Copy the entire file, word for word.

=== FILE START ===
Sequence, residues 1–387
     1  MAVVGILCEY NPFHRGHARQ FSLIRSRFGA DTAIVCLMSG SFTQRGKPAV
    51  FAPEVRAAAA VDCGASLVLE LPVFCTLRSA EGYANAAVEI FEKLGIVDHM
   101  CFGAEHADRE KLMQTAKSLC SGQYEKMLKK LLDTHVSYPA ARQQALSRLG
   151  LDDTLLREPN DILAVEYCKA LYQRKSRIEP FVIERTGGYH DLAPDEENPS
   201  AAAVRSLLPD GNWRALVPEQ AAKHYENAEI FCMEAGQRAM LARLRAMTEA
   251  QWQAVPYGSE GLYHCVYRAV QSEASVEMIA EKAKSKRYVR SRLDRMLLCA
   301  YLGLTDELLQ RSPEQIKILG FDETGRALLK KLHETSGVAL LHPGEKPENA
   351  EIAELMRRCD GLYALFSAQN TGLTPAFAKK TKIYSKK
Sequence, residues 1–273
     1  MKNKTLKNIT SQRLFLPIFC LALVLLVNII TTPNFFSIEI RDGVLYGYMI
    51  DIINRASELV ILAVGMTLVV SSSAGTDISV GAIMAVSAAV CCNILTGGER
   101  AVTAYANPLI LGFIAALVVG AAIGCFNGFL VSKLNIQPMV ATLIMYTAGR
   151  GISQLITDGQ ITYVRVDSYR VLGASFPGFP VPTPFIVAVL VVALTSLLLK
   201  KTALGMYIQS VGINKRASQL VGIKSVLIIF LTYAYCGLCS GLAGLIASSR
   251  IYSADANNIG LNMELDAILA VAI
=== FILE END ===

Sequence, residues 1–387
     1  MAVVGILCEY NPFHRGHARQ FSLIRSRFGA DTAIVCLMSG SFTQRGKPAV
    51  FAPEVRAAAA VDCGASLVLE LPVFCTLRSA EGYANAAVEI FEKLGIVDHM
   101  CFGAEHADRE KLMQTAKSLC SGQYEKMLKK LLDTHVSYPA ARQQALSRLG
   151  LDDTLLREPN DILAVEYCKA LYQRKSRIEP FVIERTGGYH DLAPDEENPS
   201  AAAVRSLLPD GNWRALVPEQ AAKHYENAEI FCMEAGQRAM LARLRAMTEA
   251  QWQAVPYGSE GLYHCVYRAV QSEASVEMIA EKAKSKRYVR SRLDRMLLCA
   301  YLGLTDELLQ RSPEQIKILG FDETGRALLK KLHETSGVAL LHPGEKPENA
   351  EIAELMRRCD GLYALFSAQN TGLTPAFAKK TKIYSKK
Sequence, residues 1–273
     1  MKNKTLKNIT SQRLFLPIFC LALVLLVNII TTPNFFSIEI RDGVLYGYMI
    51  DIINRASELV ILAVGMTLVV SSSAGTDISV GAIMAVSAAV CCNILTGGER
   101  AVTAYANPLI LGFIAALVVG AAIGCFNGFL VSKLNIQPMV ATLIMYTAGR
   151  GISQLITDGQ ITYVRVDSYR VLGASFPGFP VPTPFIVAVL VVALTSLLLK
   201  KTALGMYIQS VGINKRASQL VGIKSVLIIF LTYAYCGLCS GLAGLIASSR
   251  IYSADANNIG LNMELDAILA VAI